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by the NFCC

Control measure

Assess and monitor stability: Scaffolding

Control measure knowledge

As scaffolding can collapse suddenly, with little or no warning, it is important to understand the purpose and type of the scaffolding, and the method and sequence of construction or erection. This information should assist in assessing the likelihood of localised or progressive collapse.

The assessment of the scaffolding should include observing whether there are signs of compromised or missing structural support, or there are temporary supports such as shoring and propping.

Specialist advice or assistance regarding the collapse or potential collapse of scaffolding may be required from:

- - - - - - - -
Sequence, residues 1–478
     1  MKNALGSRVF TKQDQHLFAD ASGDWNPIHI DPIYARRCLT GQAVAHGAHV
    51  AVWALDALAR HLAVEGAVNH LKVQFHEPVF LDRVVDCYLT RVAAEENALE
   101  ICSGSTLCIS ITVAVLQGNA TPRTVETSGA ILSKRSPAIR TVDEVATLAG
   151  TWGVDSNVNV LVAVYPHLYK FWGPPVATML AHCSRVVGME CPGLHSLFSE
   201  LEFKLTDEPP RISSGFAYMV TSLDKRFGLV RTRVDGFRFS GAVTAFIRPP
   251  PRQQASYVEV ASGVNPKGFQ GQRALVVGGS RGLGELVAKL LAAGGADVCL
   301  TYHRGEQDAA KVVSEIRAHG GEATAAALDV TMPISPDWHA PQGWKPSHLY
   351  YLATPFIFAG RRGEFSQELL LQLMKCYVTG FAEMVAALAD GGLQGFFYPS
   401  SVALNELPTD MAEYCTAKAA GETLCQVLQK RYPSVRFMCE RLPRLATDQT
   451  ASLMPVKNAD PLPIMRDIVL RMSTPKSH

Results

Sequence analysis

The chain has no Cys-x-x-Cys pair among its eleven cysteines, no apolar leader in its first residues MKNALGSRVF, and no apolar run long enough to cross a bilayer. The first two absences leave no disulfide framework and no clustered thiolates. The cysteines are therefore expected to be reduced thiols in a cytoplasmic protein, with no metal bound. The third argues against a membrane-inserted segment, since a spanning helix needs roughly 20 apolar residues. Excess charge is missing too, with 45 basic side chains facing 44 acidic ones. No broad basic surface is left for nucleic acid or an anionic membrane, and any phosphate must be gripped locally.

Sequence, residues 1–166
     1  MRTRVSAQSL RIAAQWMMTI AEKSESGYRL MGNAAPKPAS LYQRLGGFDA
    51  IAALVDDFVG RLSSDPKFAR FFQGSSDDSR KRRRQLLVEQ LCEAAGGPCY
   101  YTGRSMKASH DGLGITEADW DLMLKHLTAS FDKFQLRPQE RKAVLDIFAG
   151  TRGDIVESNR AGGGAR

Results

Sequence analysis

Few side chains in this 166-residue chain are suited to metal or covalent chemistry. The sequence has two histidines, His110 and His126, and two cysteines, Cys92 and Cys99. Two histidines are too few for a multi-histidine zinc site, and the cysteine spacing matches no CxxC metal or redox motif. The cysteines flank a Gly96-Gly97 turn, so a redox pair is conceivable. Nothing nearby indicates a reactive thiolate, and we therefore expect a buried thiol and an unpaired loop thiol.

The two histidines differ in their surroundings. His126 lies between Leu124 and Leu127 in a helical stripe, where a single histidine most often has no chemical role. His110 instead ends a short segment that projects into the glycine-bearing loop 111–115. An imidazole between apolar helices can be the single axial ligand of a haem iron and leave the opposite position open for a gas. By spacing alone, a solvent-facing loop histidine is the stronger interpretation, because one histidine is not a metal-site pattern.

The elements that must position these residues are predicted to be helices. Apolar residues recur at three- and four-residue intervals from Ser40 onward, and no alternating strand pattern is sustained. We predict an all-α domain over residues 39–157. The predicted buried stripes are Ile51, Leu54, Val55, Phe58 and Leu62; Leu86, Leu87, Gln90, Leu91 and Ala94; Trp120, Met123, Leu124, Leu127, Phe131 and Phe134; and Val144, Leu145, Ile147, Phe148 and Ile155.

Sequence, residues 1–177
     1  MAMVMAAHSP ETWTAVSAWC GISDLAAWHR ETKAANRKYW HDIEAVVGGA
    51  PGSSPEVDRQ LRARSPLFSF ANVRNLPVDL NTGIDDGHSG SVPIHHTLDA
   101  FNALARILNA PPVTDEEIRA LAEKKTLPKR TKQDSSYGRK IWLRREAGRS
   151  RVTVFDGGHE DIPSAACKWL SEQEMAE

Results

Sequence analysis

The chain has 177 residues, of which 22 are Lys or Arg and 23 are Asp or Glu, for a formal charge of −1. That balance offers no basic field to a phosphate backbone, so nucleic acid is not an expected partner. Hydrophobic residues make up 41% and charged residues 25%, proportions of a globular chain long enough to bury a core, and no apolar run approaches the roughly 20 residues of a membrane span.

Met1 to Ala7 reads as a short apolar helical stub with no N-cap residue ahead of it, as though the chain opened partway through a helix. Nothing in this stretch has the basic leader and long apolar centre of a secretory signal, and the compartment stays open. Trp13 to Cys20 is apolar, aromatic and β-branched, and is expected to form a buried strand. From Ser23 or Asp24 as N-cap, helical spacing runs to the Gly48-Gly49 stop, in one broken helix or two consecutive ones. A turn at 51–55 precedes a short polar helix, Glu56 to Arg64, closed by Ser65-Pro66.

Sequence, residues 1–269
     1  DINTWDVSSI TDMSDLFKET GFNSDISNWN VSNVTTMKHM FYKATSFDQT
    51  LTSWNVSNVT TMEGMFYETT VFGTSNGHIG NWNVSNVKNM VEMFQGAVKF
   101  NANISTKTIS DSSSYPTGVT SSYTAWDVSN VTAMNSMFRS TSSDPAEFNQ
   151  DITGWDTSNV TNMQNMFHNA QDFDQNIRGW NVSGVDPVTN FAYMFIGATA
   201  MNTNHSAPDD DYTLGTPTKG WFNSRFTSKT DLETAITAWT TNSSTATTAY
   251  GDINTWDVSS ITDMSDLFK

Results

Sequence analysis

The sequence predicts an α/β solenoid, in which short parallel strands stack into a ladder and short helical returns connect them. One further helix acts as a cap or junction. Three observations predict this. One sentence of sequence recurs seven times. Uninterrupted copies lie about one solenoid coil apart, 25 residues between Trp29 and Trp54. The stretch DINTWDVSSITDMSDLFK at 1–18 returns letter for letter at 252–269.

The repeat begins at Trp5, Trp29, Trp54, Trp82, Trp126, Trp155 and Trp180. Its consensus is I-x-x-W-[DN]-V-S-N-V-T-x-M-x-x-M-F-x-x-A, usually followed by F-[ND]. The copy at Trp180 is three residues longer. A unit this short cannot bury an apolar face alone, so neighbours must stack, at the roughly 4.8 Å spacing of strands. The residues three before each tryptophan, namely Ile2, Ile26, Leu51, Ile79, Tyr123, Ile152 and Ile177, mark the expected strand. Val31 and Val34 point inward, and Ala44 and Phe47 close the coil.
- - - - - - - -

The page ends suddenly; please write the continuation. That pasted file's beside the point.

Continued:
• The scaffolding provider
  • Local authority building control teams
  • Structural engineering
  • Urban search and rescue tactical advisers

Strategic actions

Fire and rescue services should:
  • Make arrangements with appropriate agencies for the provision of advice or assistance regarding the collapse or potential collapse of scaffolding

Tactical actions

Incident commanders should:
  • Identify the purpose and type of the scaffolding

  • Assess the stability of any scaffolding and monitor it throughout the incident 

  • Assess the scaffolding for signs of structural support that has been compromised or is missing

  • Exercise caution when operating near scaffolding 

  • Consider the likely footprint of a scaffolding collapse when establishing cordons 

  • Consider the impact of current and forecast weather conditions on scaffolding 

  • Consider requesting specialist advice or assistance on the stability of scaffolding